The exponential function arises whenever a quantity grows or decays at a rate proportional to its current value. One such situation is continuously compounded interest, and in fact it was this that led Jacob Bernoulli in 1683 to the number
now known as e. Later, in 1697, Johann Bernoulli studied the calculus of the exponential function. If a principal amount of 1 earns interest at an annual rate of x compounded monthly, then the interest earned each month is x/12 times the current value, so each month the total value is multiplied by (1+x/12), and the value at the end of the year is (1+x/12)12. If instead interest is compounded daily, this becomes (1+x/365)365. Letting the number of time intervals per year grow without bound leads to the limit definition of the exponential function,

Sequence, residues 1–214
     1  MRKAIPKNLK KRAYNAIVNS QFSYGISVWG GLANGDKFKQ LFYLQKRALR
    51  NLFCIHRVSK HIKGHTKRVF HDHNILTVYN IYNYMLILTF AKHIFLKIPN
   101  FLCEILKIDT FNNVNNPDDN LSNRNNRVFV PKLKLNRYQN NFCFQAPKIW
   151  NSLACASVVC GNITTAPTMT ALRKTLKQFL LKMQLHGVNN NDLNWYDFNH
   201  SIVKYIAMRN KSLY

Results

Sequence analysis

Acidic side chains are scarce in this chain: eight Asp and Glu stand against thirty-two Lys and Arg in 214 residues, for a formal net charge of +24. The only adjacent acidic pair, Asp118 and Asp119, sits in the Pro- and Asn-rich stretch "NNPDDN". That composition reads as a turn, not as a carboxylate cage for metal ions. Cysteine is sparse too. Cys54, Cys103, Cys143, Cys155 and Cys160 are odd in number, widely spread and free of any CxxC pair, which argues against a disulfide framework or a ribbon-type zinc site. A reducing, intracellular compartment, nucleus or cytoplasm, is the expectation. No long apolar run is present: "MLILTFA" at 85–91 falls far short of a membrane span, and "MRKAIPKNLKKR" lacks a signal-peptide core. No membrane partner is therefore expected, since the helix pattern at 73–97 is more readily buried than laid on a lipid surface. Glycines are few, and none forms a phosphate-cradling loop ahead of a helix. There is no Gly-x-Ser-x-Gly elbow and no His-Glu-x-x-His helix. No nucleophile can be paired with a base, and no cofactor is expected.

first given by Euler.This is one of a number of characterizations of the exponential function; others involve series or differential equations. From any of these definitions it can be shown that the exponential function obeys the basic exponentiation identity,
which is why it can be written as ex. The derivative (rate of change) of the exponential function is the exponential function itself. More generally, a function with a rate of change proportional to the function itself (rather than equal to it) is expressible in terms of the exponential function. This function property leads to exponential growth and exponential decay.Watch the video below for further information on Exponential function.